Mold allergy can cause the same signs and symptoms as other types of upper respiratory allergies: sneezing, runny or stuffy nose, coughing, itchy eyes, nose and throat, dry, scaly skin. It can be difficult to determine if exposure to mold is making you sick. In some cases, mold can definitely make you sick, especially if you have allergies or asthma. Some people have symptoms such as constant migraines, headaches, or shortness of breath, while others also experience mental confusion; some may also develop fatigue and depression.
Mold spores are everywhere and can be found in food, water, air, soil, and plants. The best way to avoid getting sick from mold is to wash your hands often and keep your house clean. If you have any questions, wait until the day and see if any symptoms appear. If not, you're probably fine.
If you end up getting sick from eating bad bread, it will happen in a few hours. Moldy bread can cause nausea, vomiting, diarrhea, and other symptoms. Molds are very common in buildings and homes. Mold will grow in places with high humidity, such as around leaks in roofs, windows, or pipes, or where there has been flooding. Mold grows well on paper products, cardboard, ceiling tiles and wood products.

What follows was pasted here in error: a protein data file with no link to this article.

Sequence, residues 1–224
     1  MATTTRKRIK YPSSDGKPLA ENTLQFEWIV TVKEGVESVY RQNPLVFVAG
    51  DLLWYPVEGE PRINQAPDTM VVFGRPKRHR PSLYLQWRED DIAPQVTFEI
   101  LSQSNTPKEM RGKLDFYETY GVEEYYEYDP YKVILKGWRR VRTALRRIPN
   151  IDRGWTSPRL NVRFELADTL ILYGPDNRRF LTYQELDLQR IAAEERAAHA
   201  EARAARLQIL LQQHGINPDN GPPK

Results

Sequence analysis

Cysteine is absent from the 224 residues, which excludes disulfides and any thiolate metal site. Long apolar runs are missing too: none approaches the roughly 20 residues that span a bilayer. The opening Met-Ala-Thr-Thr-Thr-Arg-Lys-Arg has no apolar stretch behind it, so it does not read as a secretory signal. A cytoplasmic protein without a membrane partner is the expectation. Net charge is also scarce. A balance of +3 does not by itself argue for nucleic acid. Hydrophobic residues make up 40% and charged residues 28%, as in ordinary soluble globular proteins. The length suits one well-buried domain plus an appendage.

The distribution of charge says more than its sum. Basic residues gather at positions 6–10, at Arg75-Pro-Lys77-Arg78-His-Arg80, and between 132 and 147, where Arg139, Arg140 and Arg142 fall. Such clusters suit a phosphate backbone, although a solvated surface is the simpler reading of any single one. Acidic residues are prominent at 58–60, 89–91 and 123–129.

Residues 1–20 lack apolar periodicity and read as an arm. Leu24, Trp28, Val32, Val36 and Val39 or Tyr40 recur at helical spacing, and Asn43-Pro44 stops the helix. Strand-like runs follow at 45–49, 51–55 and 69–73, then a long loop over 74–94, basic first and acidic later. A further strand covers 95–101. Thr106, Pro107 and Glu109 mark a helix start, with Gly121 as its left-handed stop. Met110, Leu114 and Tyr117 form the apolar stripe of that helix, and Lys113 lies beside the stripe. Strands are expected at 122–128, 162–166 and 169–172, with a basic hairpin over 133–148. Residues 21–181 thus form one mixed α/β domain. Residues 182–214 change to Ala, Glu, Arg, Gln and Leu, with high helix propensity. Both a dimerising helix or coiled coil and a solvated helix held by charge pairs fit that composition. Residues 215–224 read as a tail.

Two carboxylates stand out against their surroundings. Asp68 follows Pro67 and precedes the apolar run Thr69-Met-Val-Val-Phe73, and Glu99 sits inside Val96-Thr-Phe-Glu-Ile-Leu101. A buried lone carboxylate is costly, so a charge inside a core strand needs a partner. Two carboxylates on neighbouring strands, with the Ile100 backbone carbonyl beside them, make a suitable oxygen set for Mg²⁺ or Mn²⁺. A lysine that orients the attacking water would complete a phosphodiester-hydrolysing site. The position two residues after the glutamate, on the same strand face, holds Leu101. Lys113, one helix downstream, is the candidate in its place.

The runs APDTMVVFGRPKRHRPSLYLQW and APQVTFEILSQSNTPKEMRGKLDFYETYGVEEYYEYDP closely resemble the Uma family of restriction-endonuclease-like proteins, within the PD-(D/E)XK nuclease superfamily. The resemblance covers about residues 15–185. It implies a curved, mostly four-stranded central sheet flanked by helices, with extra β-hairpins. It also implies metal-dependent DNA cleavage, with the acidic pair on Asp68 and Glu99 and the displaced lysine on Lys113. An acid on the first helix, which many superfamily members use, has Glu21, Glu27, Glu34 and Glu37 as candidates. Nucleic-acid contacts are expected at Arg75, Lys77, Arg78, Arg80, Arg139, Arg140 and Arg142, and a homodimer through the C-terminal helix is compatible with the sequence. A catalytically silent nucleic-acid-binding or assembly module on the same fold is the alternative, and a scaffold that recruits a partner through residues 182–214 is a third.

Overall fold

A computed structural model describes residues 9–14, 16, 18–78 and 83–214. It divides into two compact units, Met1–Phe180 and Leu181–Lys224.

Mold can also grow on dust, paints, wallpaper, insulation, drywall, carpets, fabric, and upholstery. If you suspect that you have mold in your home, contact a professional who can inspect your home for signs of mold growth. Other materials such as dust, paints, wallpaper, insulation materials, drywall carpets fabric and upholstery tend to promote mold growth. In 2004 the Institute of Medicine (IOM) found that there was sufficient evidence to link indoor mold exposure with upper respiratory symptoms coughing and wheezing in otherwise healthy people; with asthma symptoms in people with asthma; and with hypersensitivity pneumonitis in people susceptible to that immune-mediated condition. If you think you are sick due to exposure to mold in a building you should consult your doctor to determine the appropriate steps to take. And in some cases indoor mold can make you sick especially if you have allergies or other respiratory problems. When mold enters your home through vents ducts floors or furniture it becomes a cause for concern. Inspect buildings for evidence of water damage and visible mold as part of routine building maintenance.
If you have a lot of mold and don't think you can do the cleaning on your own you can contact a professional who has experience cleaning mold in buildings and homes. If you find mold growing in your home you should immediately contact a professional who can remove it. According to the Centers for Disease Control and Prevention (CDC) any visible mold that grows inside the house is a potential health hazard and should be eliminated as soon as possible. There has been no evidence of a relationship between other adverse health effects such as acute idiopathic pulmonary hemorrhage in infants memory loss or lethargy and mold including Stachybotrys chartarum mold.